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The Cornwall Coast: an architect-designed house on...

The Cornwall Coast: an architect-designed house on Praa Sands

Britain is at its best at this architect-designed home overlooking Cornwall’s Praa Sands

Words  Helen Baron

Praa Sands is the real deal: forty-five minutes by car from Britain’s westernmost point, Land’s End, and half that from its southernmost, the Lizard pensinsula. This isn’t close-at-hand Cornwall, for those who like to leave the M3 at Exeter and stray little further: this is The West in its oldest and most beguiling sense, with all the ancient, elemental allure that simple phrase can muster.
Although it’s a popular destination for holidaymakers, Praa Sands is by no means obvious. Neither as thronged as Newquay nor as bustling as picture-perfect St Ives, Praa is for those who like their Cornwall a little tucked away, a little windswept, a little wild. It’s the side of Cornwall those in the know cherish, because at their most untouched and untroubled, the rugged Cornish coastline and golden beaches can perform wonders. And when they do, Little Cottage has the best seat in the house.
The first thing to say is that the name is misleading. Little Cottage is neither little nor a cottage – it’s a modernist-inspired beachfront home built where a little cottage once stood. The site, a sandy slope a few metres above the eastern end of Praa Sands (the bit the tourists rarely reach), was chanced upon a few years back by celebrated London architect Alex Michaelis and his wife. They purchased the property despite facing all manner of problems (from the structural decay of the cottage itself to the rapid encroachment of the tide upon its overgrown garden) and transformed it into something that can be honestly described as paradisical.

pra sands kitchen
praa sands staircase

The house itself is a beauty – not overlarge but spacious and airy, with beautiful plaster-pale walls and huge windows overlooking the lawn, the beach and the Channel beyond. No joke, no hyperbole – these windows are the kind that can change your life. They turn each of the three first-floor bedrooms as well as the entire open-plan ground-floor lounge, dining and kitchen space into a living gallery of sky and sea. Even better, they’ve been designed with sight-lines in mind: I defy you not to be wonderstruck the first time you surmount the curving staircase (its design informed by seashells) and glimpse, through the concentric rectangles of corridor, bedroom doorway and window, the mingling blues of the horizon, dotted with the tiny, dark, wetsuited forms of surfers.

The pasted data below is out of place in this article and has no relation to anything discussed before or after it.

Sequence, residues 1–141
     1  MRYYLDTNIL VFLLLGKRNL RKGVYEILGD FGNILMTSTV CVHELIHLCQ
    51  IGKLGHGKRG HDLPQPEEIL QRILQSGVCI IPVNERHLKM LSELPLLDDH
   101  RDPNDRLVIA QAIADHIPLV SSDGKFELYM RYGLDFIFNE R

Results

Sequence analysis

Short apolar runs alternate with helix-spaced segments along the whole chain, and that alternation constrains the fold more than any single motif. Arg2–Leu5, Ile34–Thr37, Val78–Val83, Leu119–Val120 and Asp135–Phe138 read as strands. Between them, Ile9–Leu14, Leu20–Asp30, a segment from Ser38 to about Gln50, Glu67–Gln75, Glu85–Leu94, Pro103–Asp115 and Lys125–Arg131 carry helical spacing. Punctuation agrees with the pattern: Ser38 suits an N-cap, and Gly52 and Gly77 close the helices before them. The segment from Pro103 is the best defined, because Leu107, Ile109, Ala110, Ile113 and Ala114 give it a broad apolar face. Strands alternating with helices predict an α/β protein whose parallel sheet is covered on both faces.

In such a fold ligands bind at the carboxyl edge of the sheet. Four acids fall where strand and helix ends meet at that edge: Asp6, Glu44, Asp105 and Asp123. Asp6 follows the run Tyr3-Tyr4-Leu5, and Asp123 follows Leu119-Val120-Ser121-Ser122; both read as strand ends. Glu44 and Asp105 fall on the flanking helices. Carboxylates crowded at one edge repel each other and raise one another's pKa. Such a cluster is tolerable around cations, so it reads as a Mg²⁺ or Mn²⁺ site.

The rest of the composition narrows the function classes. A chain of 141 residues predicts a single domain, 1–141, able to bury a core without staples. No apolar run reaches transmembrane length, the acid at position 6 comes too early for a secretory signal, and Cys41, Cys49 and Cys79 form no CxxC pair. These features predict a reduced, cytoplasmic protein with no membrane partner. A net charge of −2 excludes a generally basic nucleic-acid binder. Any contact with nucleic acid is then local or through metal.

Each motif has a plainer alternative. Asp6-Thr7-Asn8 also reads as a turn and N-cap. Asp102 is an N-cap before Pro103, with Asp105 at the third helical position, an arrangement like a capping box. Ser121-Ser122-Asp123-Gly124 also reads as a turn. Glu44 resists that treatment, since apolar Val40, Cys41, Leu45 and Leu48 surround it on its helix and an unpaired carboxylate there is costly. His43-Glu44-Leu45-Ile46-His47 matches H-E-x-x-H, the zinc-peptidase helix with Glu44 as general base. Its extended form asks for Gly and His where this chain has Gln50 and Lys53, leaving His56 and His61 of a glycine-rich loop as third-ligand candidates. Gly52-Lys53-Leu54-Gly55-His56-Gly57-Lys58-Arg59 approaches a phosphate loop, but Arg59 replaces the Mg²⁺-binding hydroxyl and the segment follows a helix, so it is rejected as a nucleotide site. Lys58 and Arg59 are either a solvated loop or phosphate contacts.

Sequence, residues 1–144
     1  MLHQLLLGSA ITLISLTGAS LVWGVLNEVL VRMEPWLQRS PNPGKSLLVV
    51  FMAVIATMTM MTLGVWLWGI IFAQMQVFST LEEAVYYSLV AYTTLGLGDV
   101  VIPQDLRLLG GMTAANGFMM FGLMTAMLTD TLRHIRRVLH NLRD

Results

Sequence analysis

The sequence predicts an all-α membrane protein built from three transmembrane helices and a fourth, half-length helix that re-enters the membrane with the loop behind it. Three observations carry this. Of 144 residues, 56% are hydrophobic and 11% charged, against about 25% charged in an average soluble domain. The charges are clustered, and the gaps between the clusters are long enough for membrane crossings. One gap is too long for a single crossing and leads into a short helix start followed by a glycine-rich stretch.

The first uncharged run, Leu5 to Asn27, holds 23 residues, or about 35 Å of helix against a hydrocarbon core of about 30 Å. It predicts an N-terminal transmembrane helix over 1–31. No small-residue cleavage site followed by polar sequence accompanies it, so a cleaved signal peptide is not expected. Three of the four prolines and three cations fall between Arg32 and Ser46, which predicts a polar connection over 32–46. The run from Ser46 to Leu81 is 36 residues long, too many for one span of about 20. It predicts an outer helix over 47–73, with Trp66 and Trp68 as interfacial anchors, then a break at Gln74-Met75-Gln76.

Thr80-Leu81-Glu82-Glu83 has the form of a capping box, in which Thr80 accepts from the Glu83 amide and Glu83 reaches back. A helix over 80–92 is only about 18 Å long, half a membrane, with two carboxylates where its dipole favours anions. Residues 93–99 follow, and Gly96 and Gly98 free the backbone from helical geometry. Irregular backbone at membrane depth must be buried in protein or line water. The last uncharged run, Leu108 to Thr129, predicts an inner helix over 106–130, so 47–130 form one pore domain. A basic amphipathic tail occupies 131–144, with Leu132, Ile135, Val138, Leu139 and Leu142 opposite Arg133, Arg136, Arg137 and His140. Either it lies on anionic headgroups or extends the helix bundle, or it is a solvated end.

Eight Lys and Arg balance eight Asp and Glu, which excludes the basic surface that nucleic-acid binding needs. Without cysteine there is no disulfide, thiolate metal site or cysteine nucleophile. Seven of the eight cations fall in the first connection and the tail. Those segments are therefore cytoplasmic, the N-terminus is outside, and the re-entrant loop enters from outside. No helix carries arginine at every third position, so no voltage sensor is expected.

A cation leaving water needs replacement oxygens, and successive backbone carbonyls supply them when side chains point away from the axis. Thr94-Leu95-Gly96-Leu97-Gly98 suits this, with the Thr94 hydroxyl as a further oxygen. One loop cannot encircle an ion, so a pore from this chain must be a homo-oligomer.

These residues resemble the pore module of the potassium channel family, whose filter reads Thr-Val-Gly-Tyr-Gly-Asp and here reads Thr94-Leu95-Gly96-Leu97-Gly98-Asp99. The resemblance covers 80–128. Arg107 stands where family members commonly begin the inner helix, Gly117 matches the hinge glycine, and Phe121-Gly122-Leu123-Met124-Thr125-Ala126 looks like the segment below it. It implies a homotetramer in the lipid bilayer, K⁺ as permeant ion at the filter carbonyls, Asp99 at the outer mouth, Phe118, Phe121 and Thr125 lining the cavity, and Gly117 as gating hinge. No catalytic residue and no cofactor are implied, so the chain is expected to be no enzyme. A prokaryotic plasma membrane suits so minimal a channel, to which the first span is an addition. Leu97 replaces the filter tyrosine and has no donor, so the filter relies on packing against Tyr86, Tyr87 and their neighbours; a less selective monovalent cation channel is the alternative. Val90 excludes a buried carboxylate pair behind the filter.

Other interior amenities include a large utility room and walk-through shower that gives out onto the garden – ideal for those fresh from the beach; a dorm-style room with bunk-beds for kids or young teens; en suite bathrooms to each bedroom; a cosy den with home entertainment system; high-tech kitchen conveniences (including boiling, filtered and sparkling water taps) and a wireless Sonos system that allows you to play your choice of music throughout the house. The decor itself is minimal with a beachy, surfy twist, and while there’s nothing in the way of clutter or confusion, there is a pleasing sense of the owners’ own active, unpretentious family life, visible in the boxes of Lego and model cars in the dorm room or in various homely decorative touches. On that note, here’s a tip: take a moment during your stay to go into the rear part of the garden, behind the house, so you can look in through the rear windows. Even here, you’ll find every visual detail has been considered.
Once you’re in the garden, you’ll want to stay there. The neat, broad lawn, frequented by white-tailed rabbits and hovering kestrels, is well provided-for with seating, a barbecue and a heavenly hot tub; there’s also a trampoline for those of a bouncy persuasion (our eighteen month-old loved it). But don’t feel that it’s all about getting active. For us, the location itself was the jewel in the crown: sitting on the lawn as the sun went down, the bare, undeveloped headland sweeping away to the east, we gratefully received a salutary lesson on the restorative and ruminative potential of the sea. Having been fortunate enough to travel the world and to stay in some truly lush and luxurious places, it was a surprise to find ourselves considering the pre-eminence of this sun-doused, windshook, wave-eaten spot so much closer to home.   

THE DAMAGE

Stays at Little Cottage start at £2,200 for 3 nights. The house can accommodate up to 11 people.

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